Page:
Monday, June 30, 2014

Tangled [2010]

My sister's birthday just happened recently, and since this is her absolute favorite movie, I think now's a good time to review it. :)
Tangled is a very sweet movie, and it might actually be my favorite Disney movie, but the jury is still out on that one. It has a solid, fast paced plot, great characters, gorgeous music, and eyepopping animation. I mean really, this movie is a treat to look at. Rapunzel's 70 foot-long hair especially is where the animator's work really shows. It looks so life-like!
I think that the visual highlight of the film is the I See the Light scene, it's amazing.
Anyhoo, despite the fact that this movie ends in a slight Deus ex Machina, I think that the plot is actually well written. It's fast paced, and evenly balances action with character development, which is hard to do.
The characters are one of the movie's major strong points. I know that Frozen is supposed to be the feminist Disney movie, but I think that Rapunzel is actually a fairly independent heroine. Rapunzel just wanted to see the flying lanterns and escape from the confines of the tower. Meeting a guy didn't factor into her plans at all until she actually met someone (who she originally just needed to show her the way) and they grew to love each other. Rapunzel's goal as stated in her solo is to go and see the lights. She just wants to live her life, and in the end that's what she gets. Eugene was the bonus prize. Not to belittle Eugene, because he's a good character! I don't want to spoil the ending, but his development is real nice and I like what they did with him.
And Mother Gothel... probably one of the freakiest and interesting villains I've seen. The reason I find Mother Gothel so creepy is that she's so good at emotional manipulation that she's got Rapunzel under her thumb- not with scare tactics, but with maternal 'love'.
Oh, and the music in Tangled is definitely something to write home about. I mean, it's not the absolute best soundtrack I've ever heard, but the music is really pretty. First off, the sung songs. When Will My Life Begin is a lovely little song, Mother Knows Best is a terrific villain song, and I See the Light is very sweet. And the orchestral score! I could ramble about it all night, but I'll just say that it's wonderful. Campfire, Kingdom Dance, Waiting for the Lights, and The Tear Heals are highlights. I love how prominent acoustic guitar is in the soundtrack, it lends it a certain tone that I really enjoyed.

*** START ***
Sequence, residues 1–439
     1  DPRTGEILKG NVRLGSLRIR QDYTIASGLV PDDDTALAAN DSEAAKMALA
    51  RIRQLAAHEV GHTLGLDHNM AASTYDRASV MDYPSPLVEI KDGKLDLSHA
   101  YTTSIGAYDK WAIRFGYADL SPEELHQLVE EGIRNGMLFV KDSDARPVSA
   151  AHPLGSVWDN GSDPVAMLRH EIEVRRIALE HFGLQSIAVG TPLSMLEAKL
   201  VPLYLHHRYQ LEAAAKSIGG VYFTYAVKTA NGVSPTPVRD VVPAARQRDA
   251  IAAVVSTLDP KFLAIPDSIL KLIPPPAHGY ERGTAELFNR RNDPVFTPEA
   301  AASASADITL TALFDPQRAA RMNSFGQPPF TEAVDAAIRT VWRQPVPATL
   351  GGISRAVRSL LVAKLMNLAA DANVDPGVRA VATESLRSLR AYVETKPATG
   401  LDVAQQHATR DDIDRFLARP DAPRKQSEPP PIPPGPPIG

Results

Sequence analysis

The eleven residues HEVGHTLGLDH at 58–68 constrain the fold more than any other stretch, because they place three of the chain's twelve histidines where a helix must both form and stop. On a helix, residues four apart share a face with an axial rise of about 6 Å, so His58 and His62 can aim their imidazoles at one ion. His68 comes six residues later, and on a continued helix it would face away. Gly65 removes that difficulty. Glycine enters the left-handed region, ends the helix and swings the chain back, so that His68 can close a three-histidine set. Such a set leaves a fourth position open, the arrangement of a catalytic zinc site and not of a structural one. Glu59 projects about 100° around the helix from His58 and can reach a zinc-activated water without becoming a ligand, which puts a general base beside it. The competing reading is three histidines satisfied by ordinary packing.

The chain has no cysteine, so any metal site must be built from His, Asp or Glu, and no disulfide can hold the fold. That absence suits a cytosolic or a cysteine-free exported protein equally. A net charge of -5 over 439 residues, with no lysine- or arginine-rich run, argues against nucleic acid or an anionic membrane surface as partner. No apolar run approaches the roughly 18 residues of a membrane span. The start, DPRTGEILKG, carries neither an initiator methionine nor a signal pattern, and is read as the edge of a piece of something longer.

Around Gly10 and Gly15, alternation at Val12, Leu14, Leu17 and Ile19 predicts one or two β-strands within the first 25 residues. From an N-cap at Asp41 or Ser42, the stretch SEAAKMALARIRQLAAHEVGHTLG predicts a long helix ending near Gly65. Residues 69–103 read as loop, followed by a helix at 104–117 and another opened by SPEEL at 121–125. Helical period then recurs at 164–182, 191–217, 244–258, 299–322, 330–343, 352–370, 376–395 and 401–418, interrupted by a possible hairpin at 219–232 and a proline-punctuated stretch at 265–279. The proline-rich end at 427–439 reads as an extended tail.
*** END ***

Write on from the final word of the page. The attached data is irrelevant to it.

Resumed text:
The Verdict: A-
So! I should mention that there are a few instances of sloppy writing, but it's not that bad. Some people might be really bugged by the Deus ex Machina at the ending (Though if you read the original Fairy Tale, there is a similar incident in the finale), but aside from that, this is a pretty good movie! It's got heart and depth, but it's also very funny. All in all, a perfect movie for family viewing. :)

Wednesday, June 25, 2014

The Fellowship of the Ring by J. R. R. Tolkien [1954]

...Well! Wasn't this book so awesome? Dialogue, Prose, Characters, Plot, practically everything about this book is terrific. :)
I know the stories inside out, or at least I thought I did. Random little things are different, so there were still surprises and what not around every corner! Uh, page turn! Like Frodo singing on a table at the Prancing Pony to distract the bar attendees from Pippin blabbing about their quest! Or Frodo actually having a sense of humor... Reading this book totally ruined Movie Frodo for me. XD
Anyway, I'm not sure where to start. I suppose the writing would be a good place to start. Tolkien's writing is descriptive (especially the landscapes) and so poetic. There are a lot of songs and poems, and they're very pretty. Especially the one about Luthien Tinuviel. It's a writing style I hadn't really had experience with before, and it kind of cast a spell on me. ;)
I really liked the characters, especially Gandalf! He's a little quick-tempered and maybe a little mean, but never in a serious way. Sure, he yells at poor little Pippin, but it's not like he really did want him to throw himself into that well. Or did he? I think this verse from a song the elves sang about him sums up Gandalf the Gray quite well.

A lord of wisdom throned he sat,
Swift in anger, quick to laugh;
An old man in a battered hat
Who leaned upon a throny staff.
Sam Gamgee too, is a terrific character. He's brave, loyal, and emotional but not excessively so. And Gimli. Such a sweetheart. A very gruff one. ;)
A lot of people talk about the allegorical qualities of this book, but because I'm not perceptive at all, I wasn't able to isolate a whole lot of examples. Maybe when I'm finished with the whole series I'll be able to ramble at length about the Christian imagery. I did really like this bit that's in the first half, where Gandalf and Frodo are talking about Gollum (in the movie this scene takes place in Moria). I think that the whole Gollum storyline is tragic and at the same time a little mysterious, I don't know how to explain it. It's like one of those things that you think is really unfortunate, but turns out to be exactly how things were meant to be. How many times do we ask God to lift some misfortune from us, only to find that this 'misfortune' is exactly what helped us along the right path. As Gandalf said, that is an encouraging thought! Man, I did not do a good job at all of explaining that, but I'm sure its a very obvious reflection that you noticed already. :)